Vargas Llosa’s many admirers will share that pleasure with this fine collection.

THE LANGUAGE OF PASSION

SELECTED COMMENTARY

Reviews, travel journalism, and assorted feuilletons from the noted Peruvian novelist (The Feast of the Goat, 2001, etc.).

“Novelist” just begins to cover the ground, for like many other Latin American writers of his generation—he was born in Lima in 1937 and began to write professionally in Spain in the late ’50s—Vargas Llosa cut his teeth writing for daily papers and magazines. He continues to contribute to such periodicals; most of the pieces gathered in this exemplary volume, covering the ’90s, first saw print in his occasional column in the Madrid daily El País. Less afraid of big ideas and big words than most American papers, the post-Franco Spanish press proves an ideal testing ground for Vargas Llosa’s contrarian musings on such matters as Third World development, free markets, and modern literature. A longtime anticommunist liberal, for instance, Vargas Llosa disputes the notion that the developing world is poor because of some inherent defect in its peoples’ wealth-making capabilities: the people are poor, to be sure, he writes, but only because the rich loot them “to enjoy an Arabian Nights–style opulence,” and to the tune of billions of dollars. Throughout, he comes down more on the side of Milton Friedman than Frederick Engels, but, much as he dislikes Fidel Castro, Vargas Llosa is no reactionary. One of the best pieces here is an unexpected homage to the Jamaican reggae star Bob Marley, under whose influence Vargas Llosa’s son became a Rastafarian, and whom Vargas Llosa belatedly praises for his political universalism and tasteful tunes. Elsewhere, Vargas Llosa profiles the many great writers of the Barcelona of his youth—“In those days,” he writes, “Barcelona was down-at-the-heels, cosmopolitan, and international; now it is extremely rich, provincial, and nationalist”—and takes well-aimed potshots at superstar authors, current leaders, and world events, an array of targets that he takes evident pleasure in addressing.

Vargas Llosa’s many admirers will share that pleasure with this fine collection.

Pub Date: June 1, 2003

ISBN: 0-374-18326-0

Page Count: 272

Publisher: Farrar, Straus and Giroux

Review Posted Online: May 20, 2010

Kirkus Reviews Issue: March 1, 2003

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Stricter than, say, Bergen Evans or W3 ("disinterested" means impartial — period), Strunk is in the last analysis...

THE ELEMENTS OF STYLE

50TH ANNIVERSARY EDITION

Privately published by Strunk of Cornell in 1918 and revised by his student E. B. White in 1959, that "little book" is back again with more White updatings.

Stricter than, say, Bergen Evans or W3 ("disinterested" means impartial — period), Strunk is in the last analysis (whoops — "A bankrupt expression") a unique guide (which means "without like or equal").

Pub Date: May 15, 1972

ISBN: 0205632645

Page Count: 105

Publisher: Macmillan

Review Posted Online: Oct. 28, 2011

Kirkus Reviews Issue: May 1, 1972

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DEAR MR. HENSHAW

Possibly inspired by the letters Cleary has received as a children's author, this begins with second-grader Leigh Botts' misspelled fan letter to Mr. Henshaw, whose fictitious book itself derives from the old take-off title Forty Ways W. Amuse a Dog. Soon Leigh is in sixth grade and bombarding his still-favorite author with a list of questions to be answered and returned by "next Friday," the day his author report is due. Leigh is disgruntled when Mr. Henshaw's answer comes late, and accompanied by a set of questions for Leigh to answer. He threatens not to, but as "Mom keeps nagging me about your dumb old questions" he finally gets the job done—and through his answers Mr. Henshaw and readers learn that Leigh considers himself "the mediumest boy in school," that his parents have split up, and that he dreams of his truck-driver dad driving him to school "hauling a forty-foot reefer, which would make his outfit add up to eighteen wheels altogether. . . . I guess I wouldn't seem so medium then." Soon Mr. Henshaw recommends keeping a diary (at least partly to get Leigh off his own back) and so the real letters to Mr. Henshaw taper off, with "pretend," unmailed letters (the diary) taking over. . . until Leigh can write "I don't have to pretend to write to Mr. Henshaw anymore. I have learned to say what I think on a piece of paper." Meanwhile Mr. Henshaw offers writing tips, and Leigh, struggling with a story for a school contest, concludes "I think you're right. Maybe I am not ready to write a story." Instead he writes a "true story" about a truck haul with his father in Leigh's real past, and this wins praise from "a real live author" Leigh meets through the school program. Mr. Henshaw has also advised that "a character in a story should solve a problem or change in some way," a standard juvenile-fiction dictum which Cleary herself applies modestly by having Leigh solve his disappearing lunch problem with a burglar-alarmed lunch box—and, more seriously, come to recognize and accept that his father can't be counted on. All of this, in Leigh's simple words, is capably and unobtrusively structured as well as valid and realistic. From the writing tips to the divorced-kid blues, however, it tends to substitute prevailing wisdom for the little jolts of recognition that made the Ramona books so rewarding.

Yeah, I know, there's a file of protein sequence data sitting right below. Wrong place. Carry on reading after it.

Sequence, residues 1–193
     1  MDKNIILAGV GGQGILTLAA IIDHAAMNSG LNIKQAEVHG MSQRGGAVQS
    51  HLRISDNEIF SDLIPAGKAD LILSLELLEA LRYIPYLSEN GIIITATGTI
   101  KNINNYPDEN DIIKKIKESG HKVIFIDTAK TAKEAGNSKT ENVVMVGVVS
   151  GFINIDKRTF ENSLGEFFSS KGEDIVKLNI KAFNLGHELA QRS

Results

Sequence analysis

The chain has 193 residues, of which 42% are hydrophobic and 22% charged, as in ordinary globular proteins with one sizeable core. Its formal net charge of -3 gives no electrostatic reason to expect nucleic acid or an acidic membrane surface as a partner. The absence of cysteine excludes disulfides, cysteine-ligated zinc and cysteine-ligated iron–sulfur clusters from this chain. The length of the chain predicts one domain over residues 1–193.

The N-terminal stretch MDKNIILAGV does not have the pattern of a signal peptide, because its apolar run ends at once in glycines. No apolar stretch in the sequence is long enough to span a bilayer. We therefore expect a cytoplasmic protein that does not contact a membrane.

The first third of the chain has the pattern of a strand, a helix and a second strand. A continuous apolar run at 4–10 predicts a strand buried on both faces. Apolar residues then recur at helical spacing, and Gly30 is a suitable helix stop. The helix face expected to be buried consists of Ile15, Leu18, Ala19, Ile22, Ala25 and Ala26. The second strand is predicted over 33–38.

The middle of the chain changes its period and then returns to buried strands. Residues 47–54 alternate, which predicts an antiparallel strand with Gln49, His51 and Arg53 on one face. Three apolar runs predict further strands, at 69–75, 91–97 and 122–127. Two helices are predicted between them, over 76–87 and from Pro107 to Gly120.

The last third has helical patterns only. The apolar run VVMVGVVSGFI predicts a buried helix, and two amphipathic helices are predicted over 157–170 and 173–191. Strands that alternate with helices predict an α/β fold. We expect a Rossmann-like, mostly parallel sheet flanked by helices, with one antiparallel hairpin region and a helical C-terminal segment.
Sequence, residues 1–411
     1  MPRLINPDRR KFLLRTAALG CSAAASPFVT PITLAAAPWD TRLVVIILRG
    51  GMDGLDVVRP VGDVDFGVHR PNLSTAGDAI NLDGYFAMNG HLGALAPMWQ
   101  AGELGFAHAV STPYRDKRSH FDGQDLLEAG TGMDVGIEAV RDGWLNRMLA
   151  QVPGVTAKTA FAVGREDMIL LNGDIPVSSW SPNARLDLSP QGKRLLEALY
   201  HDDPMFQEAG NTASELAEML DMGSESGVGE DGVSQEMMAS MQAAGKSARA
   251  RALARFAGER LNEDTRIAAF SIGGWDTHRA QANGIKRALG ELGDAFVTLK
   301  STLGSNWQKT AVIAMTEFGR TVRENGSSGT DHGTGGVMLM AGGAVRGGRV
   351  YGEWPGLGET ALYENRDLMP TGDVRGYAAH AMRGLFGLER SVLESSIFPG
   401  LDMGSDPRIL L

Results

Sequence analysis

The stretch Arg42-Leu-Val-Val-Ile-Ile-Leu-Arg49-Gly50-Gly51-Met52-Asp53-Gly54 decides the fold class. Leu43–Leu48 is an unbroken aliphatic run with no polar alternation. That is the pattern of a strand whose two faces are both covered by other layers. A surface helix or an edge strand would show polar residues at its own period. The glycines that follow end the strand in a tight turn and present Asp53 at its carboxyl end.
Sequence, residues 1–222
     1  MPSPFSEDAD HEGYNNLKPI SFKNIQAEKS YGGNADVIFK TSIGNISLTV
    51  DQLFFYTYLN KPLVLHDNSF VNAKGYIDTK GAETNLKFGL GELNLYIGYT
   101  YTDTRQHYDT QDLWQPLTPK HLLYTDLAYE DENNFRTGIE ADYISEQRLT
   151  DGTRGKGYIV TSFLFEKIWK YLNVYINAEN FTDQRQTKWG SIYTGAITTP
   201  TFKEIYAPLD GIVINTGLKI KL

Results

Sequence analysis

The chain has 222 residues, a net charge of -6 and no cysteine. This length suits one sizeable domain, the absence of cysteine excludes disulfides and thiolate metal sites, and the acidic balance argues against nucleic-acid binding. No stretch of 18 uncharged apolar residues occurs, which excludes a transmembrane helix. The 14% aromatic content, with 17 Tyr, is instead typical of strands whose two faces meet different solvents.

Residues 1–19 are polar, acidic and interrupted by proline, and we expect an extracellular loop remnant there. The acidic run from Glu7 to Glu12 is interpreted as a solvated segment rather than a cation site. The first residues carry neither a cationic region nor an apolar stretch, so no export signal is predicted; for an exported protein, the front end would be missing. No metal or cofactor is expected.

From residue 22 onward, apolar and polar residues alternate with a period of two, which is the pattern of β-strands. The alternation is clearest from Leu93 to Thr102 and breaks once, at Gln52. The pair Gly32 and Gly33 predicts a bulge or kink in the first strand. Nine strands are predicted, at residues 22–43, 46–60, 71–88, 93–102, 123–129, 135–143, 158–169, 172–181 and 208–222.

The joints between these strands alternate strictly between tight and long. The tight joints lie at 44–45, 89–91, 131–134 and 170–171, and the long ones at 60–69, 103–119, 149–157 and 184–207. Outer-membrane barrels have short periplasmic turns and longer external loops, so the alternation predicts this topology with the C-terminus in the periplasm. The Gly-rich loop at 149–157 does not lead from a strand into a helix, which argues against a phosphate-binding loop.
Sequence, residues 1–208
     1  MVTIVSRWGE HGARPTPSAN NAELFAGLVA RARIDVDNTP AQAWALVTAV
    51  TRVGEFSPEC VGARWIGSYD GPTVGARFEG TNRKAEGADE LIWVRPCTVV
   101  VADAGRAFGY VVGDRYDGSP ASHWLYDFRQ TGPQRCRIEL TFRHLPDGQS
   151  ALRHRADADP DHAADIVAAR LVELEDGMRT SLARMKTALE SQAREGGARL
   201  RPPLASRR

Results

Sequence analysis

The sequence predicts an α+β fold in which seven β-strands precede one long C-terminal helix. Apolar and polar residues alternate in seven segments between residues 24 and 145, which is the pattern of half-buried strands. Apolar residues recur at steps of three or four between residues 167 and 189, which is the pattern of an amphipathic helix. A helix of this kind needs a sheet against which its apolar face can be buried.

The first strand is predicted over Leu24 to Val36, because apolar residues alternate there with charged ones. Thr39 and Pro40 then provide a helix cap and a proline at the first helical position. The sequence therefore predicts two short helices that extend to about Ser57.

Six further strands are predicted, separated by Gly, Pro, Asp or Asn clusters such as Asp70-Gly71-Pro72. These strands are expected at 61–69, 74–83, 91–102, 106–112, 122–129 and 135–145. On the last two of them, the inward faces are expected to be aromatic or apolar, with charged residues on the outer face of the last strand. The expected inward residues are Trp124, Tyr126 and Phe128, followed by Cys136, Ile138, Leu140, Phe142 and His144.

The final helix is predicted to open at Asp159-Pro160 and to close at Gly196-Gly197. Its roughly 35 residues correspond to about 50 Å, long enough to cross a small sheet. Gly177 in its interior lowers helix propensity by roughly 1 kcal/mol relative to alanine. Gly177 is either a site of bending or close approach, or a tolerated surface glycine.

Pub Date: Aug. 22, 1983

ISBN: 143511096X

Page Count: 133

Publisher: Morrow/HarperCollins

Review Posted Online: Oct. 16, 2011

Kirkus Reviews Issue: Aug. 1, 1983

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